Brussels, 28th February 2011
Rare Diseases Day: Survey shows strong public support for European cooperation on rare diseases
Rare diseases cause great suffering to many EU citizens. Up to 36 million Europeans are affected, and need proper diagnosis and treatment. A Eurobarometer survey published today, on the 4th World Rare Diseases Day, and on the day of the formal adoption of the Cross Border Healthcare Directive, reveals widespread support for action on rare diseases at EU level. 95% of respondents believe there should be more European cooperation in this area and that rare disease patients should have the right to access appropriate care in another Member State. Approximately 2 out of every 3 respondents know that rare disease affect a limited number of people and require very specific care. Almost 1 in every 5 personally knows of someone suffering from a rare disease.
John Dalli, European Commissioner for Health and Consumer Policy, said: "I am encouraged to see that EU citizens want more European co-operation on rare diseases. This is important, because the required medical expertise may not be available within national borders. On this 4th World Rare Diseases Day, I want to stress that the European Commission is engaged in added value action to help citizens access the care they need across the EU."
The survey was conducted in all 27 Member States between 25 November and 17 December 2010, in order to examine Europeans' awareness and knowledge of rare diseases and their support for policy initiatives and actions taken at national and EU level. Some key findings from the survey:
Good general understanding, but detailed knowledge and awareness remain low
Strong support for action at National and European level
Support for improved research, access to care and awareness raising
Support at EU level
A disease or disorder is defined as rare in the EU when it affects fewer than 5 per 10,000 citizens1. Some well known rare diseases are Cystic fibrosis, Haemophilia and Duchenne muscular dystrophy. A series of EU initiatives aim to improve the coordination and coherence of national, regional and local initiatives addressing rare diseases. The European Commission adopted a Communication on Rare Diseases in 2008 and a Council Recommendation on Action in the field of Rare Diseases was adopted in 2009. The Commission has also established an EU Committee of Experts on Rare Diseases (EUCERD) which met for the first time last December.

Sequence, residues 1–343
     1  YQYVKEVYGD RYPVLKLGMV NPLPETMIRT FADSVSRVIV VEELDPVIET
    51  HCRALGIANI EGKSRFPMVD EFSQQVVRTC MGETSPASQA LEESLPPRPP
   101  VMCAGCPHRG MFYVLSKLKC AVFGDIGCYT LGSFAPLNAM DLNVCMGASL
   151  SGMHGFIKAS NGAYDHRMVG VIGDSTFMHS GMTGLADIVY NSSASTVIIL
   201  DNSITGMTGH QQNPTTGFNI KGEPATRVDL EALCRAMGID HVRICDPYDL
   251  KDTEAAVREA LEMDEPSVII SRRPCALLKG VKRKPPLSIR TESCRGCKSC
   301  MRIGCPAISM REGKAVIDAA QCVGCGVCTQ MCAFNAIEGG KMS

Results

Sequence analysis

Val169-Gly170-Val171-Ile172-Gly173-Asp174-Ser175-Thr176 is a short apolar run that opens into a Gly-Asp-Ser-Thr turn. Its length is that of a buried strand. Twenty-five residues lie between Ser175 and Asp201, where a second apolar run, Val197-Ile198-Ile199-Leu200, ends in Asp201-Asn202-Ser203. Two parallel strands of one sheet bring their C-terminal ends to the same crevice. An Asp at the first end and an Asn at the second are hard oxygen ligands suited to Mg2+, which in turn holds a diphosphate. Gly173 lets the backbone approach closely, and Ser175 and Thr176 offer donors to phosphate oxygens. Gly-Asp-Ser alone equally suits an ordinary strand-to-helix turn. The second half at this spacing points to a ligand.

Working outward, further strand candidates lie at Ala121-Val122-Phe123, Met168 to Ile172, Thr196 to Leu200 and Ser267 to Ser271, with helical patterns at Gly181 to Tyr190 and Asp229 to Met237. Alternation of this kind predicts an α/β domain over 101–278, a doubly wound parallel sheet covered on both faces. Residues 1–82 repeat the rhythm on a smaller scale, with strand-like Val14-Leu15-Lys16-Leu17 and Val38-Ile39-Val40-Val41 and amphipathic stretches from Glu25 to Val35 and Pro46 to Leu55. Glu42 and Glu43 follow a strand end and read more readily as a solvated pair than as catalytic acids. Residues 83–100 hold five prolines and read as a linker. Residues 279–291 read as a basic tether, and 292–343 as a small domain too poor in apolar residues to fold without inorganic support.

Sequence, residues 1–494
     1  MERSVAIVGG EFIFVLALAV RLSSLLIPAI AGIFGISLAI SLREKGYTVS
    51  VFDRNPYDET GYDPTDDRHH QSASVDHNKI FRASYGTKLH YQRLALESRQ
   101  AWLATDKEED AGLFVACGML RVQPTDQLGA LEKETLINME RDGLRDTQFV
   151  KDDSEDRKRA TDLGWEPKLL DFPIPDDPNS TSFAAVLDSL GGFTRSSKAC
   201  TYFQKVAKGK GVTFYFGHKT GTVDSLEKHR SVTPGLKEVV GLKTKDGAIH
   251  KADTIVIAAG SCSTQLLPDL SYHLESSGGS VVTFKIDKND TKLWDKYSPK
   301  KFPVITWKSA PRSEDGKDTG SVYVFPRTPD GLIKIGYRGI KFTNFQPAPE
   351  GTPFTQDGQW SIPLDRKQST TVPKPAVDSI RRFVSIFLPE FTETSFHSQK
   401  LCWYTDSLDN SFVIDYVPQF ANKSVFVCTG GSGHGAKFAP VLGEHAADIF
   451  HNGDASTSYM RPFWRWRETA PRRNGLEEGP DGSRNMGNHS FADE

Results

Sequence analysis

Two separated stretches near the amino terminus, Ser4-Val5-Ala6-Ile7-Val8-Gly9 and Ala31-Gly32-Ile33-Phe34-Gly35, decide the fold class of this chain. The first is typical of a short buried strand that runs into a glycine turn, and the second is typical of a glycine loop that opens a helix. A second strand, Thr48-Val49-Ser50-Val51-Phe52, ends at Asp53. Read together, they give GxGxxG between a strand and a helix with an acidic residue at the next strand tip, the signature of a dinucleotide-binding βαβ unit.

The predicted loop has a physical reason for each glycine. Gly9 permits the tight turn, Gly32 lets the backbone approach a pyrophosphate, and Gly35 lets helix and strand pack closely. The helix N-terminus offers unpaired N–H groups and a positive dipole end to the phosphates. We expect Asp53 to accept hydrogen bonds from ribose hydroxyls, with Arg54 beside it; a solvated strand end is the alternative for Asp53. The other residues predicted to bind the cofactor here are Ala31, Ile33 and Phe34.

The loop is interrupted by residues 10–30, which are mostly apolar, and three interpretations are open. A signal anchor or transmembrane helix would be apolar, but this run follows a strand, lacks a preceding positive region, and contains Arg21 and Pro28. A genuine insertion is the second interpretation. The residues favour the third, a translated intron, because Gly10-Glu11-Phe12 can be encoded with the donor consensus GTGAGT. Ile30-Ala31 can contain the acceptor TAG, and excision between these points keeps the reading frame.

The Commission promotes joint actions which help patients and professionals share information and expertise across borders. Specific measures on improving visibility of rare diseases, supporting national action plans, strengthening European level coordination and cooperation and encouraging more research have been adopted by the Commission.
For more than 10 years, the EU Regulation on orphan medicinal products has provided incentives for the development of medicinal products to diagnose prevent or treat rare diseases in the EU. This Regulation is an important instrument in facilitating the development of medicines for Europeans suffering from rare diseases, since the pharmaceutical industry may not be willing to develop such products under normal market conditions.
Given that many rare diseases affect only a few individuals in any given country, the added value of European and international research cooperation is immense.
Since 1998, the EU's Research Framework Programmes have allocated more than €500 million to 156 projects linked to rare diseases. The Commission is committed to investing at least a further €100 million euro under its next calls for proposals in summer 2011.
The Commission's Research and Innovation Directorate-General has also joined forces with the US National Institute of Health to coordinate rare diseases research and this collaboration will from spring 2011 also be open to other countries.
Lastly, the Directive on Patients' Rights in Cross-border Healthcare, to be adopted today, will benefit patients seeking safe and good quality treatment across EU borders. The Directive foresees the creation of national contact points that provide information to EU citizens seeking healthcare abroad. It is especially helpful for rare diseases, where patients often deal with scarcity of expertise and delayed diagnosis. Measures foreseen in the Directive will help with diagnosis when the best expertise is in another Member State. Through the development of European reference networks and eHealth tools, expertise will be better disseminated throughout Europe between these specialised centres and other health professionals (such as a local 'family' doctor trying to diagnose a rare disease in a patient). Also, the Directive recommends that prior authorisation for cross-border treatment abroad should not be refused to a rare disease patient, without carrying out an appropriate clinical evaluation by an expert in that field.
The Eurobarometer reports can be found at:
More information on public health actions on rare diseases:
More information about the European Union Committee of Experts on Rare Diseases:
More information on research on rare diseases:
More information on cross-border healthcare:
More information on the Rare Diseases Day:
For more details and examples of EU projects:
Orphan Drug Regulation 141/2000 and Council Recommendation of 8 June 2009 on action in the field of rare diseases.